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Some of the old American Repertory Theater aesthetic has drifted from Harvard to Emerson as the ART’s former executive director, Rob Orchard, is now in charge of ArtsEmerson, which has gotten off to a rousing start with its first two productions.
The ArtsEmerson aesthetic, though, is a good deal broader than Robert Brustein’s and Robert Woodruff’s ART. You would have had to look far and wide at ART to find anything as lighthearted as “Fraulein Maria,” Doug Elkins’ very clever dance sendup/homage to “The Sound of Music’’ with three dancers (one male) playing Maria and a hip-hop dancer “interpreting” “Climb Every Mountain" — all using the movie soundtrack.
Nor would you have found much of anything as earnest and political as “The Laramie Residency,’’ about the murder and aftermath of Matthew Shepard in 1998. The Tectonic Theater Project not only revisits its original staging of “The Laramie Project,” in which the company reenacted its interviews with residents, but adds a postscript “The Laramie Project: Ten Years Later.” The company went back and this time added interviews with the two killers. If the result is a little too earnest and self-congratulatory, it’s still both a powerful and chilling 4-and-a-half hours of theater.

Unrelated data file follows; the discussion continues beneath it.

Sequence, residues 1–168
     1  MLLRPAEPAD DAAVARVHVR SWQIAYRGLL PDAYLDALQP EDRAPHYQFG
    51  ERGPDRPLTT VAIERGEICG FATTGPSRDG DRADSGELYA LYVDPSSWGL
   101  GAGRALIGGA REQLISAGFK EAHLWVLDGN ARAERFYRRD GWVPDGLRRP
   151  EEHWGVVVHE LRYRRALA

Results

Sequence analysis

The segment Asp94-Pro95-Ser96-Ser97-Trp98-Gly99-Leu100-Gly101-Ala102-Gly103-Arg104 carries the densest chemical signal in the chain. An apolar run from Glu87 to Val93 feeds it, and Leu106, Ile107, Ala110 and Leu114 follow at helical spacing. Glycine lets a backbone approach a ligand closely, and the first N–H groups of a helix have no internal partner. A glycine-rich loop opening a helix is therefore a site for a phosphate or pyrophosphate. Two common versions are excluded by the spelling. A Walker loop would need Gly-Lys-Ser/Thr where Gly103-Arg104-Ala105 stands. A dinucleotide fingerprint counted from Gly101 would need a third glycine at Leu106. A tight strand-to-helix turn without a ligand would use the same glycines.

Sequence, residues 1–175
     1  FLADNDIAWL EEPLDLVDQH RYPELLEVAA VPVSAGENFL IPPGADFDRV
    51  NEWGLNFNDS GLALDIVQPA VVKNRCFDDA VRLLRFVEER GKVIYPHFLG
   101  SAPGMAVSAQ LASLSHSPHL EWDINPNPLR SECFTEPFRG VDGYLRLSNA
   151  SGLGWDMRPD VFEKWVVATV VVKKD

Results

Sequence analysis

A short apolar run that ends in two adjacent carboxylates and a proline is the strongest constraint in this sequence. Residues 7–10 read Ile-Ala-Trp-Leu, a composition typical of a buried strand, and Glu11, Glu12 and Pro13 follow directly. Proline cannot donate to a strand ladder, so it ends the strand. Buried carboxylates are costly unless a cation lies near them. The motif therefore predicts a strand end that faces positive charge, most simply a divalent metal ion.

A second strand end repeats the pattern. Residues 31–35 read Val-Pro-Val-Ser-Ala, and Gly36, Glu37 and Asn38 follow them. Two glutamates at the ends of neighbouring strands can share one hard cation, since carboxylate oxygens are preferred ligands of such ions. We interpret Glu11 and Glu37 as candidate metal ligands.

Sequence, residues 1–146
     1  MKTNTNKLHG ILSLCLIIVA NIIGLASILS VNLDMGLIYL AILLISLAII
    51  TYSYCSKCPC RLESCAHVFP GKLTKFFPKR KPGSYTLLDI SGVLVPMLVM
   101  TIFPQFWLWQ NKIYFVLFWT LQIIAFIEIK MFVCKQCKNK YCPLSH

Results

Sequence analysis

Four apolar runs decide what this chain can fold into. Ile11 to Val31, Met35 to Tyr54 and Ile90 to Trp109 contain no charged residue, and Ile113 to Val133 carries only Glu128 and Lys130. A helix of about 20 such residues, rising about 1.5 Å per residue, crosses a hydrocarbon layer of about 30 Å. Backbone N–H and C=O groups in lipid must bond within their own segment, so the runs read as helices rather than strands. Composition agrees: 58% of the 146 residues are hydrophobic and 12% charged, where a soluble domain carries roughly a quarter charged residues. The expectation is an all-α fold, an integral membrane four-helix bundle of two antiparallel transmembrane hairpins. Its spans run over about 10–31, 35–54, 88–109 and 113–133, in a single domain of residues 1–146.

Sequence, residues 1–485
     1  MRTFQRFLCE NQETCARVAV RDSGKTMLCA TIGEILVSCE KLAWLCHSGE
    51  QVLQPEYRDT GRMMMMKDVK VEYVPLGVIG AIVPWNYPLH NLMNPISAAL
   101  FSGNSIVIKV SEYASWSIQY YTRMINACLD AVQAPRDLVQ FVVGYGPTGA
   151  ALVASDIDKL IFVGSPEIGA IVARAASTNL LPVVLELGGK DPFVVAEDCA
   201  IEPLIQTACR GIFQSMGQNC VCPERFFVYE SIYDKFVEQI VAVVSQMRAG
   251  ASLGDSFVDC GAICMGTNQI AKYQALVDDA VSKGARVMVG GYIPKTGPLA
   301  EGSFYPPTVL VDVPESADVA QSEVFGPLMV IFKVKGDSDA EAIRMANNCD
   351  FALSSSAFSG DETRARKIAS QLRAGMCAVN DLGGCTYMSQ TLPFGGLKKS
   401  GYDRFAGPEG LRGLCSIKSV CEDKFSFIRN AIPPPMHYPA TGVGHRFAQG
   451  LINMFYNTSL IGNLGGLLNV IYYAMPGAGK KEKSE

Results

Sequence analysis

What a welcome addition to the Boston theater scene.
- “Fraulein Maria” continues through Oct. 3 at the Paramount Theatre, by ArtsEmerson.
- “The Laramie Residency” continues through Oct. 2 at the Cutler Majestic Theatre, by ArtsEmerson.
At the Boston Center for the Arts, Zeitgeist Stage Company — certainly one of the most ambitious and adventurous companies around — is staging “Enron,” or what could be called “Enron: The Musical.” Well, it’s not really a musical, but British playwright Lucy Prebble’s broad satire of how the company defrauded investors and employees in its financial shell game.
Too broad. The architects of the destruction, Ken Lay and Jeff Skilling, are caricatures and the absurdist overlay is a phantasmagoria of adrenaline-induced bad behavior. If the script were to work at all — it played well in London and closed early in New York — it would need farceurs at the top of their game and a production budget about a million times bigger than Zeitgeist’s. Given David J. Miller’s skill at staging “Stuff Happens,” I thought he might be able to pull this one off, too, but “Enron” comes off as little more than the left-wing equivalent to talk radio.
- Through Oct. 16 at the Boston Center for the Arts, by the Zeitgeist Stage Company
This program aired on September 30, 2010. The audio for this program is not available.
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